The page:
Go to Vermeer website and get a operators manual if you are a new owner. Also does it have dual tie or single tie?
A round bail of hay is cheaper. The cost of a single bail of hay times the amount in a regular round bail is alot more in price. A round baler is more expensive.
how do time a 24 t john deere baler
No need to answer I've just got the book for the baler and have made correcting adjustments....... Thank you............
have no clue but Ed Nolt invented it
hay is picked up by a the pickup tines, then pushed perpendicularly by a "fork". it is then compacted into slabs by the plunger and tied with twine by the knotters. the bale then comes out the back of the baler.
It all depends on the size of the baler and how long the hay has dried.
What year is my John Deere 14T hay baler with a serial number of 38497?Read more: What_year_is_my_John_Deere_14T_hay_baler_with_a_serial_number_of_28517
How do adjust the knotters on #12 Massey Fergurson hay baler
Depends on the type of hay and how tightly the hay was baled, as well as how big of flakes the baler was set to.
run the twine through the eyelets and through the needles , which are the large arms that rise up . take that twine and tie to the rear of the baler,both of them and run them where the bale forms. next trip the wheel that ties the bale, and turn the baler by hand for one cycle. the twine will be tied now cut the excess twine that u tied to the rear of the baler from the needles and you are ready to bale .
What: make, model, what is it doing or not doing? GETERDONE!
It is used to make bales of hay.
Adjust tension on the line feeder inside the baler.
A blade cuts the twine as it finishes wrapping
Unless used with care and safety in mind at all times, the main disadvantage of a hay baler (and many other farm equipment) is that you could become trapped, hurt or killed in the machinery. Never, ever, try to adjust the baler while the tractor/take off is running.
With a round hay baler. The baler is powered by the tractor through the PTO, an electrical control box, and hydraulics, which enables the operator full control over the baler. The tractor moves along the swath of hay, and the revolving pick-up cylinder picks up the swath and moves it into the baler chamber. In the baler chamber, the chains or belts move like a constant pulley system (there is more than one: bottom, top, and the two sides) rolling the hay, as it enters the chamber, into a cylinder. The cylindrical hay bale grows until it cannot expand anymore inside the baler. The size limit sensors in the baler go through to the control box in the tractor, often through audio alert, and the operator either keeps going until he can judge when the bale is big enough and/or until he sees it is nice and tightly packed enough inside the baler to let stop and let it out. But, before he lets it out, he has to stop first and, with the control box, apply the strings or netting to the bale. There is no need to worry about tying, as the baler machine does it automatically. Once the bale has been entwined (literally), the tractor and baler powers down, stopping the movement of the belts and pick-up wheel in/on the baler, then the operator lifts the back end of the baler (with the control box in the tractor of course, not manually), and initiates the belts or chains to eject the bale out of the baler. The back door closes, the baler power ups again, and resumes creating another bale. This process repeats until the operator has to quit because of one of four things: 1) the baler gets plugged up (most commonly in the pick-up shaft) 2) it starts to rain 3) it gets too late in the evening and the hay starts to, what we call, "toughen up." 4) he finished baling up the hay field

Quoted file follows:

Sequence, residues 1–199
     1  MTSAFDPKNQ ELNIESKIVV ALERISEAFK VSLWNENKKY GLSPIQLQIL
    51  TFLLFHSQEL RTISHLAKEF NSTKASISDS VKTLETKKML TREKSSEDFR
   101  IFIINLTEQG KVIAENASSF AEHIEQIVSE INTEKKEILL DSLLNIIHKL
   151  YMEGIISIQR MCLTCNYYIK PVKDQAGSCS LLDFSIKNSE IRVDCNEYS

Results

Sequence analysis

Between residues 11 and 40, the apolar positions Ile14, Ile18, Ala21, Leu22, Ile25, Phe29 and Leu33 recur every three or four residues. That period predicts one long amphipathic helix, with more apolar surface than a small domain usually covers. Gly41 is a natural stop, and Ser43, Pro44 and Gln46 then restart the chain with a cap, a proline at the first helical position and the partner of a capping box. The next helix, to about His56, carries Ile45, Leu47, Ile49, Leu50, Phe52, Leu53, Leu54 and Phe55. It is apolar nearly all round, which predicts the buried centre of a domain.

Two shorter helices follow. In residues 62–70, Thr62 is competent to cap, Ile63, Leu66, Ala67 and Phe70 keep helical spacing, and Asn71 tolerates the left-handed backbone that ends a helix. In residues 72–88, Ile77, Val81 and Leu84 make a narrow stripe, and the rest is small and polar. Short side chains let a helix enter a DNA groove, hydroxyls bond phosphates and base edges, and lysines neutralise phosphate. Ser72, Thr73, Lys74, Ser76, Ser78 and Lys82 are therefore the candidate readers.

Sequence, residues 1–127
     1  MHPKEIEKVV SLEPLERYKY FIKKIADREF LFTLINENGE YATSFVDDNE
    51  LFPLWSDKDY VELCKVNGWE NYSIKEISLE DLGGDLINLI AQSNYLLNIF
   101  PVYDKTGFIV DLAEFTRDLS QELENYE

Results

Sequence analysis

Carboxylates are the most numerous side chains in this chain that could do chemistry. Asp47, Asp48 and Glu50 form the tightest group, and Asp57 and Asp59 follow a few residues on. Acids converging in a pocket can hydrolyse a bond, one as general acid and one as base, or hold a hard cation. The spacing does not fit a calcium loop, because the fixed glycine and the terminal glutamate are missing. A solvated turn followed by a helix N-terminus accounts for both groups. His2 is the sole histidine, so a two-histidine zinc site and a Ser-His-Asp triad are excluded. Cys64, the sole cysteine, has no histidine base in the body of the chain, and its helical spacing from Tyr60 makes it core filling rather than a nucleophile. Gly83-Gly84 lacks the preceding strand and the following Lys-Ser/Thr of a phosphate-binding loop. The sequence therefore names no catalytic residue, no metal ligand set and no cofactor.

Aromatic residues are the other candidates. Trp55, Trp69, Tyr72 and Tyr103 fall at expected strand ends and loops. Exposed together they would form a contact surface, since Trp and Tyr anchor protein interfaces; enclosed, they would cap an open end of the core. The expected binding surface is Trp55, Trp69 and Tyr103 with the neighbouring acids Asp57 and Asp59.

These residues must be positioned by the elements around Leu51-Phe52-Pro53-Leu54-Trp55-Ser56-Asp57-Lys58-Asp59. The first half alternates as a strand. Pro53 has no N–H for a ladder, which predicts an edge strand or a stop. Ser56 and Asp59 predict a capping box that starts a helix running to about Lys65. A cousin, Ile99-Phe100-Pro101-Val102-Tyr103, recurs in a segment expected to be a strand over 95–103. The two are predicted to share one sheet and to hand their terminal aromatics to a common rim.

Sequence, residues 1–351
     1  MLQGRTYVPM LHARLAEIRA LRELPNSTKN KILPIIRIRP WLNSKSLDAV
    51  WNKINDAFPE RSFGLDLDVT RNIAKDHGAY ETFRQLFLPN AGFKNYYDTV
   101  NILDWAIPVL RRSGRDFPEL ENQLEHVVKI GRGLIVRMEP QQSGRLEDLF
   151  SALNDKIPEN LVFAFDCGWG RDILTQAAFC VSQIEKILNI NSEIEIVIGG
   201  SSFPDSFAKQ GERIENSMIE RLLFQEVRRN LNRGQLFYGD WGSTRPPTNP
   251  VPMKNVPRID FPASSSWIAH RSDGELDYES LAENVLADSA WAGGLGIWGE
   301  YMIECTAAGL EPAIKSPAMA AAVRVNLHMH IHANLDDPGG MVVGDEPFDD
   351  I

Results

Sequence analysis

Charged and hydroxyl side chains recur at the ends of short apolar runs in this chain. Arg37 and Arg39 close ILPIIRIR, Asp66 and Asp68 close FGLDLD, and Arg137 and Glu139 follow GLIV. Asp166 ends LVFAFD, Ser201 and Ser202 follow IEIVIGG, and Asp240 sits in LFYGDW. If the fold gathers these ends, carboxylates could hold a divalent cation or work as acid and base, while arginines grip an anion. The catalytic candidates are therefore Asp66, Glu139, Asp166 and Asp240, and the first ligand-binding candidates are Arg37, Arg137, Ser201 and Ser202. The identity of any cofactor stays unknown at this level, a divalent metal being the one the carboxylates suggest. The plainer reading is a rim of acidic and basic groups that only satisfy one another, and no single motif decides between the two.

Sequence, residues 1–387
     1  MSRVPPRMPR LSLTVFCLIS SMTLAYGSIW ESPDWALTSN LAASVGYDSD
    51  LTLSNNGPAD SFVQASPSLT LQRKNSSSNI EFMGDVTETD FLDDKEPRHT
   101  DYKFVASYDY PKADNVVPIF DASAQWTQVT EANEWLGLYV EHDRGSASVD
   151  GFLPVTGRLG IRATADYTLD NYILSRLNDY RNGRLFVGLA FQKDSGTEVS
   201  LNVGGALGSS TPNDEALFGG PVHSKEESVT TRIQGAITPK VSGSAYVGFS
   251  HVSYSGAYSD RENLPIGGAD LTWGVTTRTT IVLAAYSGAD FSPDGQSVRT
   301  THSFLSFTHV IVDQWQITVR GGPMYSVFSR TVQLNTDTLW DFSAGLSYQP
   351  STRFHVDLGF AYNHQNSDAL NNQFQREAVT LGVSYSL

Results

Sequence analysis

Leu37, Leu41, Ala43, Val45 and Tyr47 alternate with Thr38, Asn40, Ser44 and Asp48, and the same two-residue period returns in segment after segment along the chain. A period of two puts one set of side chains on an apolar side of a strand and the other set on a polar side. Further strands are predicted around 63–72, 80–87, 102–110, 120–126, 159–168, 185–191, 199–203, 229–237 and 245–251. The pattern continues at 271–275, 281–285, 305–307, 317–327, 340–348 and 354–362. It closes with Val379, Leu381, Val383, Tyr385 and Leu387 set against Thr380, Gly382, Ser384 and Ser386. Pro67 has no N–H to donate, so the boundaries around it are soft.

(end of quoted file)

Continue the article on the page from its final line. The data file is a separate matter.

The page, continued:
There is NO timing. Just turn it on and drive. They are wonderful!
Well you have to have the equiptment. as long as have a hay cutter, a round or square baler, and a wagon for square bales,or a trailer and a hay lifter for round bails. and there you have it!!! oh and you need a tractor too.